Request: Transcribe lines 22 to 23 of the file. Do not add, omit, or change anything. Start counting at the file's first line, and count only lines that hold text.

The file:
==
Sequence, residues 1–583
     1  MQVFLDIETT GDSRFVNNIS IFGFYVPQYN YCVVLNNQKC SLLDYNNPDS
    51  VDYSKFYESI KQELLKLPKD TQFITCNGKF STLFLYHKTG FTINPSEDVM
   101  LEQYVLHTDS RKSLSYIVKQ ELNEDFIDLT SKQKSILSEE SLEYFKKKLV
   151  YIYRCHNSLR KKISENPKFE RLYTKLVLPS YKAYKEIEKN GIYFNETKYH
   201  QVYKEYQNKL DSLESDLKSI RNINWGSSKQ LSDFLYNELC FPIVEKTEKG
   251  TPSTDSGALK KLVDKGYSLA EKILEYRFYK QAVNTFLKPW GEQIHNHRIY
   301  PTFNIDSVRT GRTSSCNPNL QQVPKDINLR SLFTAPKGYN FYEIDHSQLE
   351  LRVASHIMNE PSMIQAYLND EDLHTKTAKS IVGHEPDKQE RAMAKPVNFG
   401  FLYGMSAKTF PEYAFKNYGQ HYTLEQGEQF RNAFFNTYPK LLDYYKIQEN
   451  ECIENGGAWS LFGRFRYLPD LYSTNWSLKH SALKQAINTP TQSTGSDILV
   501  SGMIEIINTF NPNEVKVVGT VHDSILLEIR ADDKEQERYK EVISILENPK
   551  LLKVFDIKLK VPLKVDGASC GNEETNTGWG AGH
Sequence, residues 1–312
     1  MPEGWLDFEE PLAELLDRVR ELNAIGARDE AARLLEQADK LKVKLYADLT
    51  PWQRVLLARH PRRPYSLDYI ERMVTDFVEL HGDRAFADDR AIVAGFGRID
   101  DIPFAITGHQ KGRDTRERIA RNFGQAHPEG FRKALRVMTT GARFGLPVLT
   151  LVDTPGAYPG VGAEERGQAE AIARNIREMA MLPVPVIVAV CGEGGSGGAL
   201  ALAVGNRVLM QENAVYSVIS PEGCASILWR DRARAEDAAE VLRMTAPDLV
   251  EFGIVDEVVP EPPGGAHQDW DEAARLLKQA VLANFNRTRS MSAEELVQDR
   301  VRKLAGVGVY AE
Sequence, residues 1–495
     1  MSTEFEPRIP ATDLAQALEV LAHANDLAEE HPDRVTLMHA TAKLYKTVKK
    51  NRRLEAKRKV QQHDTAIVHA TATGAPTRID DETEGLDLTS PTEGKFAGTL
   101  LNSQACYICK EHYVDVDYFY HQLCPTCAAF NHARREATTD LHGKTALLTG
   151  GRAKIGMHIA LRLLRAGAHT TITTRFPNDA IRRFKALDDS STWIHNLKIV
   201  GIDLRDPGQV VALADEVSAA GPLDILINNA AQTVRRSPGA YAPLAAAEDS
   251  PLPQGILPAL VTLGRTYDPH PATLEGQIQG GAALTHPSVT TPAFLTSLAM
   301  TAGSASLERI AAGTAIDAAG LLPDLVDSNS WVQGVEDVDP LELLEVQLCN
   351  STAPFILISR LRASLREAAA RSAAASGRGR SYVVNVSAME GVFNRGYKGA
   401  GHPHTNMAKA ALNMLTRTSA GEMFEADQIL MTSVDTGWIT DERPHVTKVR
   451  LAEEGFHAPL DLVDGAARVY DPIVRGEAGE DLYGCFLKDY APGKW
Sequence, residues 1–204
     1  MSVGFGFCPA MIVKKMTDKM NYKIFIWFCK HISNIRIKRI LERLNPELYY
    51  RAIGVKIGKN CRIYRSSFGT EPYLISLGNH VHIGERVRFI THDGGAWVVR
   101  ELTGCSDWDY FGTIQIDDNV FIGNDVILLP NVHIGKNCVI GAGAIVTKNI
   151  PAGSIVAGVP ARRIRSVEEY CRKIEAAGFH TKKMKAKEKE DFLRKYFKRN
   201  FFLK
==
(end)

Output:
Sequence, residues 1–495
     1  MSTEFEPRIP ATDLAQALEV LAHANDLAEE HPDRVTLMHA TAKLYKTVKK